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End Dinnertime Struggle with These 2 Simple Strategies

Everyone knows family dinners are good for kids but that doesn’t mean they are devoid of struggle. Maybe you feel guilty that your family dinners aren’t joyful. Or you have a difficult time fixing one meal with picky children or a fussy spouse or partner. Then there’s the time crunch of modern parenting — kids’ activities and the reality of work — leaving less time and energy to get dinners on the table. And what if you never learned to cook. How does that work?

As a family nutrition expert and a mom, I experience these same struggles. Wanting to solve my own family dinner challenges while helping others, I discovered two very important strategies. And they are surprisingly simple and effective.

Strategy 1: Build off the meals that already work for your family.

One mistake I made early in the game was trying random recipes hoping something would stick. But most of the recipes came and went. I did, however, discover that there were several meals I really enjoyed making. So once I got serious about making changes, I looked to these go-to meals for answers. I asked myself why they worked so well and thought about how I could develop more of them.

Focusing on what worked for my family led to a whole new strategy for family dinners that you can try too:

  • Choose and adapt recipes so that they work for your family, cooking style and the amount of time you have (not the other way around!)
  • Take into account different family member food preferences when creating new meals, which can lead to effective ways to introduce new foods
  • Work on the meals and sides you need for better variety and nutrition. Need more fish entrees? Lacking whole grain sides? Be strategic when searching for recipes!
  • Take the time to refine cooking skills and methods by checking out you tube

By focusing on my favorite go-to meals, they began to multiply. I even started looking forward to cooking dinner and rotated these meals for super-simple meal planning.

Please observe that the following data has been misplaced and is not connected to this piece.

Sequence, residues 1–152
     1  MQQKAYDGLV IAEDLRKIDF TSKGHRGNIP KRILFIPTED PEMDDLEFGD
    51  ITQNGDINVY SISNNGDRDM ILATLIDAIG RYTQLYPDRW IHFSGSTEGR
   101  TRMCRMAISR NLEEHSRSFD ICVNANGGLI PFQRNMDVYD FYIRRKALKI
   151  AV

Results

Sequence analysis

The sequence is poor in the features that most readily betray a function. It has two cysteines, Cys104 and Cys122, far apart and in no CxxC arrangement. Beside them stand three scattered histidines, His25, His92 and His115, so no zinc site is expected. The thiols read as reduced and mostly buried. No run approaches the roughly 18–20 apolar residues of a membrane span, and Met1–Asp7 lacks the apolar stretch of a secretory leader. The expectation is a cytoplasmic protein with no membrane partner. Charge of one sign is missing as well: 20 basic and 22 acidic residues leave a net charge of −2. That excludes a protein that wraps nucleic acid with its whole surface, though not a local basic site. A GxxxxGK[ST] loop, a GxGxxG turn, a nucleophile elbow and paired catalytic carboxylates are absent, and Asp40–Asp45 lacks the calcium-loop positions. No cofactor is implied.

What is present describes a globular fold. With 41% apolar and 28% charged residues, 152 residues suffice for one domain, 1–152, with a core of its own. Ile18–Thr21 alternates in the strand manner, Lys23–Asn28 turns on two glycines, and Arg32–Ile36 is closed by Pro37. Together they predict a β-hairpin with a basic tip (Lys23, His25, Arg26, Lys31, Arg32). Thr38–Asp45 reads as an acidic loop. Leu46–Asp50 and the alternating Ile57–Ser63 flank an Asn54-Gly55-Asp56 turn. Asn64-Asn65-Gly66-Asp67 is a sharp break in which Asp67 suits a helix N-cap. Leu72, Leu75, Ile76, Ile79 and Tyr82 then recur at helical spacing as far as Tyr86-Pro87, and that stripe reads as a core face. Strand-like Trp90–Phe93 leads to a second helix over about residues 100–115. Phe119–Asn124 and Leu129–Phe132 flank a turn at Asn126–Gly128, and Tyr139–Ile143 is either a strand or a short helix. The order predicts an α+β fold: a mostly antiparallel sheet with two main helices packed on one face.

Strategy #2: Incorporate an effective Side Strategy:

This didn’t change the reality that my kids don’t love every meal I make. I have always given and followed the advice to include at least one thing at the table children like. But it wasn’t until I developed a “side strategy” that everything improved. I use theme nights to organize my weekly dinners and really thought about the predictable sides to include. For example, Mexican Mondays I always put out tortillas, cheese, guacamole and black or pinto beans that my kids can go for.

End Dinnertime Struggle with These 2 Simple Strategies

Italian night always is served with meatballs and a salad. Soups and stews are accompanied by crusty bread and fresh fruit.

And on nights the main meal is a hit with the kids, I incorporate sides that help expand their repertoire.

End Dinnertime Struggle with These 2 Simple Strategies

With this strategy in place, I can sit back and relax knowing my children are getting fed and exposed to a variety of foods. Over time, kids accept more items and a side strategy is key to bringing peace and nourishment to the family table. For example, my nine-year-old eats so many foods now she doesn’t really need a side strategy (except for soup night) but my six-year-old is another story.

These two strategies wipe away the stress involved with family dinners so you can enjoy your loved ones. Because odds are, you won’t remember the food left on the plate, but the connection you made seeing that beautiful face (or faces) night after night.

 

Maryann jacobsen is a registered dietitian and founding editor of Raise Healthy Eaters, a blog about family nutrition. To learn more about her meal-planning strategy and go-to recipes, check out her new book: What to Cook for Dinner with Kids: How to Simplify, Strategize and Stop Agonizing Over Family Dinners.

What to cook for dinner with kids e-book


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